Like much of our revolutionary experience, the story of Yorktown is full of fascinating details, plots and sub-plots. There's Washington's masterful concentration of the Continental Army in Virginia. He brought together elements of the army across significant distances while deceiving the British into thinking he was planning an attack on New York, and even managed a short visit to his home at Mount Vernon on the way to the fight. There's the timely arrival of the French fleet, which not only delivered key reinforcing troops, but also defeated a British fleet and blockaded the besieged garrison from the sea. There's even some Spanish gold finding its way into the pockets of American soldiers to keep them moving towards their final battle. But the real magic of our revolutionary story lies in the broader tapestry: who we were then, who we are now, and the unifying political philosophy that provides the connective tissue between past and present.
My son was about twelve when his elementary school curriculum turned to a comprehensive block on the American Revolution. Over spring break that year, he and I went on a special father-son trip: we flew to Boston and spent a day touring the battlefields at Lexington and Concord, where the Revolution began in April of 1775, then drove to Philadelphia and spent several hours touring Independence Hall, then drove to Yorktown and spent some time on the Yorktown battlefield and at Colonial Williamsburg. If you asked my son, he would probably have told you the best part of the trip was the two days riding roller coasters at the Busch Gardens near Yorktown.
But my agenda was simply to impart to him a visceral understanding of the physical geography of three key locations from the American Revolution, the time and distance relationships between those locations in the revolutionary era, and the relationships between the battles and the major political documents that shaped our country. I wanted him to know that, even though we could drive the 308-ish miles from Concord to Philadelphia in about 6 hours today, it would have taken a week or more for news of the fighting there to reach Philadelphia in 1775. Likewise, it would have taken a similar time for news of the victory at Yorktown to reach Philadelphia in 1781. I wanted him to understand that the fighting at Lexington and Concord started the war a full fifteen months before the Continental Congress published the Declaration of Independence. I wanted him to know that the significance of the military victory at Yorktown was magnified by the fact that the colonies had just ratified the Articles of Confederation seven months earlier, in March of 1781. I wanted him to understand that the United States Constitution was not drafted and signed until September of 1787, a full six years after Yorktown and four years after the end of the Revolutionary War. I wanted him to understand that, because it took so long for information to travel a few hundred miles in those days, the world was a much bigger place then, at least in terms of the kind of human contact that makes governments necessary.
Think about it. In the Revolutionary War / Articles of Confederation / Constitutional Convention era (1776-1787) it took 7-10 days to travel the 308 miles from Lexington and Concord to Philadelphia, depending on whether you rode a horse or rode in a carriage. Let’s take the low end of that range: 7 days is 168 hours. So the speed of information was roughly 2 mph. There were about 3 million colonists and slaves living under the 13 colonial governments, which controlled at most an area of about 200,000 square miles, for a population density of roughly 15 people per square mile. Without any technology for communication beyond the printing press, you could pretty much only communicate with the people within earshot. Compared to the world we inhabit today, it took a long time to communicate with any significant percentage of the population.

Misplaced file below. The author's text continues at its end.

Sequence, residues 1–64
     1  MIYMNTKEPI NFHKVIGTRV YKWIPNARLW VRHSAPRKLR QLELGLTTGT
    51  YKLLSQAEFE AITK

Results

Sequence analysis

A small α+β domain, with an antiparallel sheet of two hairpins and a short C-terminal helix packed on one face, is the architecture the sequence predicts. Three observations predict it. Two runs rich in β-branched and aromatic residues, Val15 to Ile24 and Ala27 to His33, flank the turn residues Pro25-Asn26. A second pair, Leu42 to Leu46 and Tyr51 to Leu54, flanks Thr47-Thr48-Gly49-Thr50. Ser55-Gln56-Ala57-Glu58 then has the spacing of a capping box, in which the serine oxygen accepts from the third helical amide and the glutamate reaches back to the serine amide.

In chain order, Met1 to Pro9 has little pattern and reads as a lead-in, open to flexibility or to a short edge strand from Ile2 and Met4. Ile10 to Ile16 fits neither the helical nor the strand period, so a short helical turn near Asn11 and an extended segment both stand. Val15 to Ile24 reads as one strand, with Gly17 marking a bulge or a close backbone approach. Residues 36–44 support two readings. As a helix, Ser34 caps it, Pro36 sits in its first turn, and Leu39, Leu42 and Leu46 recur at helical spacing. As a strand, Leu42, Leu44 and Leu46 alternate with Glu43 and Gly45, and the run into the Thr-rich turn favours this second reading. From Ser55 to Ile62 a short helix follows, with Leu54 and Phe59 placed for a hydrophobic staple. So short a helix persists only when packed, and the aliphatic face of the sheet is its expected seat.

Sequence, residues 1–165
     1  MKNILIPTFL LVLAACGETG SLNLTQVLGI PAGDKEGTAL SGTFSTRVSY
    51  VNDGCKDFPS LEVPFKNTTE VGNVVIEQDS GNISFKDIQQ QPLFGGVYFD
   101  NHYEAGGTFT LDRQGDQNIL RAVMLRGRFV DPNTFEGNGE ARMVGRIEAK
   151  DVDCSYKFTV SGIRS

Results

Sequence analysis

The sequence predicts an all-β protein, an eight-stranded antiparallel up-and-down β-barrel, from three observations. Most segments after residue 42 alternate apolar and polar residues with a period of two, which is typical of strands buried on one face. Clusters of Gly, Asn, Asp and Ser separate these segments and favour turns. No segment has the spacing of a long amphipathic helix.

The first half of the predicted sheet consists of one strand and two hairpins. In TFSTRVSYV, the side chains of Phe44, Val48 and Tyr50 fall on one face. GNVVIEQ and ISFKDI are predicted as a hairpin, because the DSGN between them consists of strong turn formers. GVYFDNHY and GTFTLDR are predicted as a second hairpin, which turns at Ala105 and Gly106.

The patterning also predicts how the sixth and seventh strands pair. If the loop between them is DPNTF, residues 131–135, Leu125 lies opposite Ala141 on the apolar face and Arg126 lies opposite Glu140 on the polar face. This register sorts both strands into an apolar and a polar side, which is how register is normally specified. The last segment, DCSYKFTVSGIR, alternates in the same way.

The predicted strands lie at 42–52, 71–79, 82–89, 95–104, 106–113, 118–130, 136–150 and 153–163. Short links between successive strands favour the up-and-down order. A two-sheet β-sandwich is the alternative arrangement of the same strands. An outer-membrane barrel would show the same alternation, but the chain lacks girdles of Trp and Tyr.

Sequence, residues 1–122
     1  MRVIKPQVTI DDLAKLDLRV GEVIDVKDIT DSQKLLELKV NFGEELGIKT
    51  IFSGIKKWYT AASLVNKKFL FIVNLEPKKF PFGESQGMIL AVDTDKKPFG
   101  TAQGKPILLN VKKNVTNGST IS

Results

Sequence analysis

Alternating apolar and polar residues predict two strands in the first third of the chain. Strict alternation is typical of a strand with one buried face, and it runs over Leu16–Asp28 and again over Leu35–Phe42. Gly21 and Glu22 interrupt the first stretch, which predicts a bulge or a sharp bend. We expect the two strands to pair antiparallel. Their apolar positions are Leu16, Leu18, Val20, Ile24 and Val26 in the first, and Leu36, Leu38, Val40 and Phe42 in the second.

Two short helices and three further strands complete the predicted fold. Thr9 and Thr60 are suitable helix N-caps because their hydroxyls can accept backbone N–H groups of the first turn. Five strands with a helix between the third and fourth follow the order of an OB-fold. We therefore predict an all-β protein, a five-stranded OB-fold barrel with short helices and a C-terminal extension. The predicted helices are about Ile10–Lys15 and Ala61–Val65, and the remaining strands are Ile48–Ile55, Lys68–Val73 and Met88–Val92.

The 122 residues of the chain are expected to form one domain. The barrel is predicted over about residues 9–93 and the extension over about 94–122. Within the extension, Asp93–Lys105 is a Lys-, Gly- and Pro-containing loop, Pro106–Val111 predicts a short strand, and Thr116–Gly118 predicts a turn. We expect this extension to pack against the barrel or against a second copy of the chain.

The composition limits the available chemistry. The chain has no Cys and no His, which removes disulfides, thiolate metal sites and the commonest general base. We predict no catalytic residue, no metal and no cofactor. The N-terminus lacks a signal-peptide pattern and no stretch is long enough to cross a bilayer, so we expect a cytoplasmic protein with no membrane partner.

Today, information travels at the speed of light: roughly 671 million mph. Our country is much bigger, but so is our population, with an average density of something like 82 people per square mile, 5-ish times what it was in the revolutionary era. But modern communications and transportation technology makes a huge difference. Quite literally, we can communicate with all 310 million of our fellow citizens nearly instantaneously via television and the Internet. There are a lot more of us, and there is a much higher concentration of interactions per unit of time--the kind of interactions that make government necessary.
When the founders did get around to writing the Constitution, they listed six purposes for that Constitution: to form a more perfect union, establish justice, ensure domestic tranquility, provide for the common defense, promote the general welfare, and secure the blessings of liberty to ourselves and our posterity. After their experiment with the Articles of Confederation, they incorporated a national executive in the Constitution even though they were all wary of the notion of executive power. It is worth considering how well the government we have today achieves the purposes set forth in the Constitution, and how the evolution of that government over the past 232 years reflects the changes in communications technology, transportation technology, and population.